Connect to speech recognization API

Hi,

has anyone yet connected a microphone to a Spark Core to send voice recordings to a speech recognition API? Is the hardware even capable of doing so?

Kind regards,
Philip

@krophi,

it sounds possible and i got a microphone breakout board with me so maybe it’s good that i try doing so :smile:

Which speech recognition API are you looking at?

I haven’t done much research yet, but there seems to be an undocumented speech to text API by Google.

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@krophi if you want to use for your own project you can do that with android phone just you need tasker app. :smile:

@Yasin I don’t want to rely on an additional standalone device.

I think you could record a small sample from a microphone and upload it to a server with the core. It might not be very fast, but I do think it could be done! :slight_smile:

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Do you know whether such a microphone + amplifier produces usable output? (in terms of sound quality etc.)

I was going to suggest this part, actually. I think it would work well enough to get you started. Eventually I think you will want a noise cancelling headset of some kind (likely the PC-kind with 1/8 plugs, not USB).

I did try the example on my Mac with the magic key from the github repo and it worked fine for me, even with http rather that https, which was encouraging!

@bko

Thanks! I just ordered the component.

The component just arrived. Any idea whether this library is Spark Core compatible?

Did some digging myself. This library requires a SD card, which I don’t want to use. Any suggestions how to create a wav file on Spark Core? The 2 MB flash memory of the Core should be sufficent in case there’s some caching required, shouldn’t it? (Low frequency is okay - I found an article stating that an Arduino can do around 8 kHz without using the DAC)

That key stopped working today.

Your client does not have permission to get URL …

@bko

Yes, noticed that too, but there’s already a new key at the top of the readme file. (the examples haven’t been updated yet)

It would be much appreciated if somebody could give me a hint how to create a wave file of satisfying quality (the specifications of the wave/pcm file format seem to be quite simple) and how to send it to a server. I’m not a bad web and iOS developer, but working with devices like the Core is somehow not (yet) in my line.

Could it be that the Core only takes one analog sample every 5 milliseconds? (200 Hz; it took my Core 4000ms to take 800 samples) The article I linked to in a previous post says that an Arduino takes such samples every 125 microseconds. (8000 Hz) How can the sampling frequency be increased on the Core?

@krophi,

@BDub and I spoke about this during Maker Faire and will be adding an additional variable for users to change the frequency with analogWrite () :slight_smile:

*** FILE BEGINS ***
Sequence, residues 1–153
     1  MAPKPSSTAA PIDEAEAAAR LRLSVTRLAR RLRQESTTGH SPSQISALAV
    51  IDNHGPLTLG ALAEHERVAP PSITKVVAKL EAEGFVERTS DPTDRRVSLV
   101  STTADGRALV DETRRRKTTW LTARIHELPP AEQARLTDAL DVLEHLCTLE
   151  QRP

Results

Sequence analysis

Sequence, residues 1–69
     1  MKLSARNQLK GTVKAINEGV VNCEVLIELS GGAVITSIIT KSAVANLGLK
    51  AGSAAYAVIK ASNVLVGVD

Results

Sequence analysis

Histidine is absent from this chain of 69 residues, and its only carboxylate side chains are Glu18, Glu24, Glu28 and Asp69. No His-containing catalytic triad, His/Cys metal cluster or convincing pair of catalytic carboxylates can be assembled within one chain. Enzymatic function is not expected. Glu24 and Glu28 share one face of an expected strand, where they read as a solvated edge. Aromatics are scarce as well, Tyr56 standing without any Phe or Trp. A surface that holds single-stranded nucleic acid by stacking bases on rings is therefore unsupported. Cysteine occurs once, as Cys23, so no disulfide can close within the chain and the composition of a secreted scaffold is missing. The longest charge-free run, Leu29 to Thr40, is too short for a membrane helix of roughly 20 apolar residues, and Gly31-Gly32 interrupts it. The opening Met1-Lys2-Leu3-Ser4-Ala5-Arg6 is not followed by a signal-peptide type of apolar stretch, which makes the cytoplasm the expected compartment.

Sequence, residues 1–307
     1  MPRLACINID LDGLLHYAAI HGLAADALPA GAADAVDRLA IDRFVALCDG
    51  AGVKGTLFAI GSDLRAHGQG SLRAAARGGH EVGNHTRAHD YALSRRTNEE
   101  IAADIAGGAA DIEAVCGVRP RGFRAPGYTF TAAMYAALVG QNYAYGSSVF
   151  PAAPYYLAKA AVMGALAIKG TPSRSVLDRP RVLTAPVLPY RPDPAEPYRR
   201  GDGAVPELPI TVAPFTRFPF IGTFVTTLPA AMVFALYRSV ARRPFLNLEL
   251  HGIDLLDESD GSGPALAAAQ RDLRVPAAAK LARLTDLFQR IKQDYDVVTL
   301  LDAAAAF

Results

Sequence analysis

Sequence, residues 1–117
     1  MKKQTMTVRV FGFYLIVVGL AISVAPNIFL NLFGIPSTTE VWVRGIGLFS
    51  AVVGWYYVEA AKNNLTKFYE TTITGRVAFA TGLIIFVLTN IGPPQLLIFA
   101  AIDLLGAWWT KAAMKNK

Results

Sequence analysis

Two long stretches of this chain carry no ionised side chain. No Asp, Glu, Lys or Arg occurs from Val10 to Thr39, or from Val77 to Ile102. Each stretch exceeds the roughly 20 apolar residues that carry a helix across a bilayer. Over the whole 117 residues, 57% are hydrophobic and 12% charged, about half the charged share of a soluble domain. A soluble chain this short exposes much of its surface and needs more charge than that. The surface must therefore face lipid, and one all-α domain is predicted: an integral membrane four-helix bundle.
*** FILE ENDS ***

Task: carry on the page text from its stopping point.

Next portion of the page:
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@kennethlimcp Awesome! I guess no ETA yet, right? But at least this is not a hardware limitation :smile:

Hi @krophi

I thought you were asking about the analogRead() (not write) speed. I seem to recall that the latest software is about 40kHz sample rate but I will measure it. Are you reading it in a loop? Is there other processing in the loop? I would unroll the loop for speed if it doesn’t meet you needs.

There already is a function to set the sample time of the ADC but the range is limited by the particular mode that the Spark code uses. That function is setADCSampleTime(ts) were ts is a #defined time. Changing this is definitely an advanced maneuver. The default is 7.5 cycles and you can use 1.5 cycles or 13.5 with the dual slow interleaved mode the firmware does. There is also a 10 sample averaging filter in software, so the sample rate you see at analogRead() is a 1/10th the rate you set on the ADC.

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OK, so I measured the ADC sample rate and it turns out to be around 30.5 KS/s or just short of 4 times faster than the Arduino rate. There is some minor variability (the ADC DMA is interrupt driven so you’d expect that) on the order +/- 5 us over 256 samples.

Here is how I did it. I picked 256 samples as a representative size and just used loop, capturing the value of micros() before and after and then display the time difference for 256 samples in microseconds and the rate in Samples/s.

#define NSAMPLES 256
int adcData[NSAMPLES];

void setup() {
    pinMode(A0,INPUT);
    Serial.begin(9600);
}

void loop() {
    unsigned long tic = micros();
    for( int i=0;i<NSAMPLES;i++) {
        adcData[i] = analogRead(A0);
    }
    unsigned long toc = micros();

    Serial.print((toc-tic));
    Serial.print(":");
    double Ts = (double)NSAMPLES / (double)(toc-tic) * 1000000.0;
    Serial.println(Ts);
    delay(5000);
}
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Okay, thanks. I did only take one measurement per each run of the loop function. (there’s no for loop in that Arduino code either) Will try it and report back later today.

A new question: Where’s the best place to cache (partial) recording data? The external flash? I need to be able to access the cache afterwards in chunks. (for sending it to the server)

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